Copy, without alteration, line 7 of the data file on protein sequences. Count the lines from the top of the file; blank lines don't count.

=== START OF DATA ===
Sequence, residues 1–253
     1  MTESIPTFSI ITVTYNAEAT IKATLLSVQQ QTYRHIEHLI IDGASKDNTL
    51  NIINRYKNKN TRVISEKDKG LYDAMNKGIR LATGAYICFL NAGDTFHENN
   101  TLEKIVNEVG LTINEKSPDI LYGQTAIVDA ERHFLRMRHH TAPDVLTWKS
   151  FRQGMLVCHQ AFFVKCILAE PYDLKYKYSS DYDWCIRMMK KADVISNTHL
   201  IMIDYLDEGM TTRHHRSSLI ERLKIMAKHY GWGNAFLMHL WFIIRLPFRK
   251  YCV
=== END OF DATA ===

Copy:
   251  YCV